Finally, we reach the peek of the night. The act everyone was waiting for, Anti-Flag, took the stage and I got to see what a punk show was really like. It didn’t take long for the whole floor to transform into a giant pit and the Missus, my Mum, my Step-Dad, and I were between the punks on the floor and the stage. On the up side, best spot ever being front and fucking center. Whatever hearing I had left was about to be obliterated. The down side, I was one wrong move from getting overly intimate with the edge of the stage. Yet, aside from the potential injury hazard I faced, I completely lost myself in the moment. The timid weirdo in a wheelchair that was just as bad as every other audience member that never sang along or participated with the band’s request was screaming every lyric he knew in a way that hadn’t been done since 6th grade. The band ordered every middle finger up and I had both presented as hard as I could that I swore I nearly dislocated both my shoulders and it was fantastic. I haven’t had my voice go out after a show since my first Rob Zombie show in 2006 and I went home with my throat raw. What’s more, I survived the night. No Torso Sammich, no intimate moment with the stage and I have a lot of people to thank for that.
In a room of who knows how many people, each one happy to be there and burning every once of energy to show their love for the music, I hadn’t really considered the rambunctious pit when we snagged that perfect spot up against the stage. After the first few songs, we were suddenly reminded of that pit as the Missus got shoved forward into my back again and again. It got to a point that Justin Sane took a moment to make sure we were ok. Yet, we seemed to be holding our own. So, thanks to Justin. That was really cool of you to check on us. Next, I want to thank the handful of punks behind us. I only got to talk to a few of you and thank you personally but you were all fucking awesome! What started as a few charging forward turned into some upstanding and badass people who helped push back against the pit. Finally, my biggest thanks goes to the Missus. I knew she was tough but now I have visual confirmation and it was something to behold. Watching her shove back the crowd almost effortlessly, constantly fighting against the pit. Let it be known now that she is the most hardcore person I know and I love her infinitely more for the furious strength she displayed. If you left the show with bruised ribs and were up in front, my bet is that she gave them to you.
Eventually, the show reached its inevitable end and each one of us was sore beyond belief. How the hell you get as sore as I was sitting in a damn wheelchair is beyond me. I wasn’t really involved in anything intense. I never got ran into, never got hit, and I watched someone get taken down by someone stage diving so I’m pretty sure I have no room to complain but I feel like I might as well had been in that pit that kept shoving farther forward. Though, the pain was only a small price for all the good that came from that night. I met many awesome people and I’m not talking about the ones on stage. The people around me who I shared my experiences with, the ones who saw us and helped pushed back the pit, they were great to talk with no matter how brief it was. I walked away with some epic memories and some small traces of evidence.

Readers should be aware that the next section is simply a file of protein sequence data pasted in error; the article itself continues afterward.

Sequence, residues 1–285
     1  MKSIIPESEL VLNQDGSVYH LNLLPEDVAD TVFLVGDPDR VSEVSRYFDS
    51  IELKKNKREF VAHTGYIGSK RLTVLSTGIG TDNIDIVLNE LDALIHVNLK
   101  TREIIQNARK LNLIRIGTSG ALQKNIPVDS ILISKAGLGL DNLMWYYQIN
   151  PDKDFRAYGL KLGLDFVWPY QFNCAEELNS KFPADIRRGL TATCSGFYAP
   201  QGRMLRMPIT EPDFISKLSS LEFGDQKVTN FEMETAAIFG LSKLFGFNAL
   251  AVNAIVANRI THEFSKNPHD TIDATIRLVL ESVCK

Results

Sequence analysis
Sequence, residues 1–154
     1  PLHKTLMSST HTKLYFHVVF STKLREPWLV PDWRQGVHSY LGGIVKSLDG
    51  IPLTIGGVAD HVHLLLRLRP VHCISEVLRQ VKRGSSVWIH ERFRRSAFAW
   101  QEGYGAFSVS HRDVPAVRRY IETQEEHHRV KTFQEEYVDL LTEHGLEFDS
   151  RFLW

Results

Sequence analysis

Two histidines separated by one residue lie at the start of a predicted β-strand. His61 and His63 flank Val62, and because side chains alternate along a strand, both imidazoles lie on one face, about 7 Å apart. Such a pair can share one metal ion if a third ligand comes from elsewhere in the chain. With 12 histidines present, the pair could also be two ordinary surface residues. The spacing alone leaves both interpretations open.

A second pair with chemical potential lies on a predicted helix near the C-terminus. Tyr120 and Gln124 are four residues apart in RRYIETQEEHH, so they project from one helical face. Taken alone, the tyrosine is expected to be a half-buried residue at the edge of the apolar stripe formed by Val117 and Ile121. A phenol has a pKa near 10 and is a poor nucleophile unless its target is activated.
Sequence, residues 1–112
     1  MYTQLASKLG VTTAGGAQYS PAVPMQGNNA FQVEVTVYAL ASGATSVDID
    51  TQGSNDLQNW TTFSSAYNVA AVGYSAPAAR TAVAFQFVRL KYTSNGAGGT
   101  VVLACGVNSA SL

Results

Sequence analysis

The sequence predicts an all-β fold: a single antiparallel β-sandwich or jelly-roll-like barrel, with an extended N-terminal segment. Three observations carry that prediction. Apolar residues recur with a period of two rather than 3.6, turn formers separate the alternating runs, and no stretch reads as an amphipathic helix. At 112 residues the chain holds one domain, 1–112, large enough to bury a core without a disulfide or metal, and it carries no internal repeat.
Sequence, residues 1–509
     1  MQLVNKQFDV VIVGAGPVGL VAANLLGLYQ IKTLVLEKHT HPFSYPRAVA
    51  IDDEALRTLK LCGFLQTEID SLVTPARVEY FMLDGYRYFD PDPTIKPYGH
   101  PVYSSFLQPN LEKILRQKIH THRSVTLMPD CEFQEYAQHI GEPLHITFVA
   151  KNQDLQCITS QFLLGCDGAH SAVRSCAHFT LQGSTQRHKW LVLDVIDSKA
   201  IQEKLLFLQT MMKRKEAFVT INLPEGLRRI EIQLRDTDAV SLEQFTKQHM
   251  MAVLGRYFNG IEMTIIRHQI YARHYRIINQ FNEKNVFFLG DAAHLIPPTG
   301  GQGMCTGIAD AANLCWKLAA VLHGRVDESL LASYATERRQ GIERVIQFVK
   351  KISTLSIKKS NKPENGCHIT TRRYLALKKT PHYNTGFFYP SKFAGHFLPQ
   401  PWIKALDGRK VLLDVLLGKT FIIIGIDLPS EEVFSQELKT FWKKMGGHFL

As usual, I try to keep up with my photo op tour and it came with a pleasant conversation with Justin Sane. It felt so welcoming to an extent that I really didn’t expect. I’m used to having some issue or hiccup whenever I decide to take on the world but Chris #2 didn’t lie, everyone was welcome. As we were starting to leave for the night after stopping for some and being stopped by others, one of the staff members walked by us and asked if we wanted a set list. Why the fuck not, right? It suddenly dawned on me to do something that I just hadn’t cared to do in years. I was going to get it signed. Usually I don’t do this because I don’t get much out of it personally. It means more to me to get a picture or two as a way to save the memory. Yet, this was another perfect opportunity that fell right into my lap. It was unfortunate that I only got three out of the four members of Anti-Flag, Justin Sane, Pat Thetic, and Chris #2 but it was still incredibly awesome to talk to them and hang around a bit.
It’s all still a bit strange to me yet I’m gobsmacked. Every so often I remember the young punk I was in high school who was screaming “You’ve Got To Die For The Government” at the top of his lungs and hair he only wished was like Joey Ramone’s while driving his wheelchair to the near by all you can eat pizza place to meet up with friends only to do the same all the way back home. Now I’ve popped my punk cherry and started finding my place in the various punk subtribes with cripple punk. With all this still fresh in my mind, I can’t wait to go to another show. Lucky for me, I have tickets to the Dead Kennedys show just around the corner.